Seven

"Excellent"

Seven Review


Would somebody turn on the lights already? Geez...in the nameless city that is the setting of Seven, it seems you can only get a 10-watt bulb, and that's when the power works at all. I liked the film, but with the constant thunderclouds, rain, and shadows, it's terribly difficult to tell what's going on.

The title refers to the Seven Deadly Sins--and a serial killer who is planning to knock off one "evil person" for each vice. The first to go is "gluttony," an obese man whom the killer force-feeds until he pops. And trust me, after that, it only gets worse.

On the case is veteran detective Somerset (Morgan Freeman) and new-to-town Mills (Brad Pitt). After 30 minutes of wry chit-chat, the pair finally get down to business, as two more victims are found. After that, it's a perfectly choreographed game of cat and mouse, culminating in a horrific finale that will have you on the edge of your seat. I won't reveal the identity of the killer, but I will say he's very well cast.

The story (written by schlock horror veteran Andrew Kevin Walker) is excellent. Some unfortunate problems get in the way, especially the constant lack of light and the use of quick-image shock photography, which make things all the harder to follow. But I suppose with Pitt sleepwalking through the opening of the film, at least that gives you something to watch instead of his droll acting. I guess when he breaks his hand (both the character and Pitt himself) during the movie's dynamic foot chase, the adrenaline finally starts to flow, and Pitt appears much more alive.

Also, while the "suspense" is great, watch out for the touchy-feely family scenes with Mrs. Mills (Gwyneth Paltrow) and the occasional soliloquies the characters get into about the nightmares of city life and the evils of the world. None of this is very well done, but it is rather important to the film, and thankfully, there's always another gruesome murder around the corner to distract us.

Despite its faults, Sevenremains a worthwhile and very watchable film, but don't look for a lot of deep social commentary. Lean back, peer into the darkness, oh, and hold on to your popcorn and your date exceptionally tight when they get to "sloth."

UPDATE: Of special note is the new Platinum Series DVD, a two-disc set with more extras and goodies than I can count. Four audio commentary tracks, two alternate/tweaked endings, deleted and extended scenes that clarify a number of points in the film, and much, much more. The transfer is brilliant in its moody darkness, and the audio cut is crystal, one of the best I've heard on DVD. Highly recommended for even minor fans of the movie.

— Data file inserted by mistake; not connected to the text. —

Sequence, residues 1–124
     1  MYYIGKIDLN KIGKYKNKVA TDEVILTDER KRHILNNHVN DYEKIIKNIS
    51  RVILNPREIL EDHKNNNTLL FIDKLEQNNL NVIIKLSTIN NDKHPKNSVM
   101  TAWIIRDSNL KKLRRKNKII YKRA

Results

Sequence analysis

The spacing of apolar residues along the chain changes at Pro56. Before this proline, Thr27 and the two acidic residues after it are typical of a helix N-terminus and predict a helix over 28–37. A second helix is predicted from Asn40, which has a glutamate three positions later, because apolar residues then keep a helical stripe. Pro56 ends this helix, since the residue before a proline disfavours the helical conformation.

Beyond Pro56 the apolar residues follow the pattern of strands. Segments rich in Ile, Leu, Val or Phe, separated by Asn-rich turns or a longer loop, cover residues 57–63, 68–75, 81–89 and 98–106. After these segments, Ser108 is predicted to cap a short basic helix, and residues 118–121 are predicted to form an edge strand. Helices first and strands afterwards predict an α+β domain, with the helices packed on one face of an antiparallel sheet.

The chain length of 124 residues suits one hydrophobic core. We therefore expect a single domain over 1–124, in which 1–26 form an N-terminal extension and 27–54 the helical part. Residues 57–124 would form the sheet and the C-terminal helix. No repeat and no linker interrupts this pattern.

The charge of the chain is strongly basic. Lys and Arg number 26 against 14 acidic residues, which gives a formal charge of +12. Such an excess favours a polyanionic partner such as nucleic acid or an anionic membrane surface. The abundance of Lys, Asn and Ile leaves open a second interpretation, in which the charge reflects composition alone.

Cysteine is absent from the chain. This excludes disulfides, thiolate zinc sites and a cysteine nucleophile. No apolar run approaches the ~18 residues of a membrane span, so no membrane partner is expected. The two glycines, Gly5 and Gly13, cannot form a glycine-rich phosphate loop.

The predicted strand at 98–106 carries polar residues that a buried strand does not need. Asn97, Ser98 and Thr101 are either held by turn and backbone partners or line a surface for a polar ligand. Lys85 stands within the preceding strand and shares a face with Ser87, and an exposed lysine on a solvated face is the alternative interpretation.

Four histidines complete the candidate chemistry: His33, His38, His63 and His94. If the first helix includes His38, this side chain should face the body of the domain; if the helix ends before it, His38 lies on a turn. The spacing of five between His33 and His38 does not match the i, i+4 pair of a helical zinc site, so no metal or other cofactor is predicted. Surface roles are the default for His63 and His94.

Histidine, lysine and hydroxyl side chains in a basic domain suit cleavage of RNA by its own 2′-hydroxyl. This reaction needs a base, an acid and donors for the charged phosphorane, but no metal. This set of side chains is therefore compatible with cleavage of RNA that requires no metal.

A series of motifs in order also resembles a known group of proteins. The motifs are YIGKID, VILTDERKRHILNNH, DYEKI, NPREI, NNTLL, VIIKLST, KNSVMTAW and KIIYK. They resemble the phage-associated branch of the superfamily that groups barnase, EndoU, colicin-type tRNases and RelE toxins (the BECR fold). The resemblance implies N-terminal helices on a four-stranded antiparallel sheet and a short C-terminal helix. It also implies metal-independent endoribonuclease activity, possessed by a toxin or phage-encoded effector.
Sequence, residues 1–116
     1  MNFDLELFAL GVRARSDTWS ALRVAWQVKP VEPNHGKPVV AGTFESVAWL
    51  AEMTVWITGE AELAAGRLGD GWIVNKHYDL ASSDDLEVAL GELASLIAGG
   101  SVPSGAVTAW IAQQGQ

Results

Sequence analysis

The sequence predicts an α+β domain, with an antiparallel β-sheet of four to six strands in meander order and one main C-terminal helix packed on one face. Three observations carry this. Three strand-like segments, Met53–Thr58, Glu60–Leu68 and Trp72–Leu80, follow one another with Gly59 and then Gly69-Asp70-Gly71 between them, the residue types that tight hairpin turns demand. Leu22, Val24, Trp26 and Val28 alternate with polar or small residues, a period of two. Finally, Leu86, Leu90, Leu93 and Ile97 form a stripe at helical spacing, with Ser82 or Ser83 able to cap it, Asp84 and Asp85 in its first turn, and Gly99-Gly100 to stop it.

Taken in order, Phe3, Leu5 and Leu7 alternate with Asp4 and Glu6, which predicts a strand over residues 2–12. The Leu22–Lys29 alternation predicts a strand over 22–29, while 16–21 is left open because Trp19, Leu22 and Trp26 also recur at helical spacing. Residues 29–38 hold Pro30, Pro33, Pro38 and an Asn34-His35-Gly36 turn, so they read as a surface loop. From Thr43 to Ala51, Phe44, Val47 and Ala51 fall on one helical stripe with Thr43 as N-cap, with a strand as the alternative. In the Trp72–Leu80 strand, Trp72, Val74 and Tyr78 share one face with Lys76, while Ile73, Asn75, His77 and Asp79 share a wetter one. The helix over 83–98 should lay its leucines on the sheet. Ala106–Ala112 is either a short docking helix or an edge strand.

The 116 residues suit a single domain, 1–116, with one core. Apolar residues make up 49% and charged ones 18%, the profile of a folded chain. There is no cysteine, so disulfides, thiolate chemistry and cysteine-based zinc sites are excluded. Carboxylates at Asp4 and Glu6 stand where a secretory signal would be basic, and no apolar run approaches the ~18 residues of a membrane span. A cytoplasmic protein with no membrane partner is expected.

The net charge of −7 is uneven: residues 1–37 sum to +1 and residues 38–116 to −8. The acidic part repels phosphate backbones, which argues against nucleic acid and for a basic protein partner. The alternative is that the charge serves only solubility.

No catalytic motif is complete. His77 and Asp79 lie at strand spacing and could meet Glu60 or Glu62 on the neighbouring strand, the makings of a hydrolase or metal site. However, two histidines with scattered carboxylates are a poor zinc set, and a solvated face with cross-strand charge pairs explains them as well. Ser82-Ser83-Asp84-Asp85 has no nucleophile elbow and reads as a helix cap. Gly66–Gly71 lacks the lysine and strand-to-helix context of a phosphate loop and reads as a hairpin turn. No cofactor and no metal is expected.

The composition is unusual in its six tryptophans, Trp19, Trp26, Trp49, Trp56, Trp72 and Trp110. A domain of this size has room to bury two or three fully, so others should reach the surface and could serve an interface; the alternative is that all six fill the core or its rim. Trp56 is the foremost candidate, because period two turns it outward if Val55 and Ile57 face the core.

[Editor's note: Please don't call it Se7en.]

Murder: it's the Pitt's.



Facts and Figures

Run time: 100 mins

In Theaters: Saturday 1st September 1979

Box Office Worldwide: 93

Reviews

Contactmusic.com: 4 / 5

IMDB: 6.1 / 10

Cast & Crew

Director:

Starring: Alfred Acktun as Mann im Warteraum, Puppa Armbruster as Gerlinde, Hans Bergmann as Mann im Warteraum, Ulrike Butz as Ulla, Johannes Buzalski as Portier, Peter Böhlke as Mercedesfahrer, Marianne Dupont as Gaby Ottermann, Felix Franchy as Professor Steinbeck, Josef Fröhlich as Kommissar, Roswitha Geuther as Wortführerin der Mädchen in bayr. Schulklasse - ohne Unterhöschen, Leopold Gmeinwieser as Albert Kaufmann, Peter Hamm as Pater Schumann, Jane Iwanoff as Mädchen in Bayerischer Schulklasse, Sonja Jeannine as Monika, Günther Kieslich as Karla's Erster, Carina Kreisch as Schülerin, Margot Mahler as Frau Tontonelli, Rosl Mayr as Zeugin, Klaus Münster as Cremers, Deborah Ralls as Karla Döring, Helena Rosenkranz as Gabys Mutter, Gisela Schwartz as Anja, Manfred Spies as Staatsanwalt, Rinaldo Talamonti as Carlo Tontonelli, Claus Tinney as Peter Martner, Elisabeth Welz as Richterin


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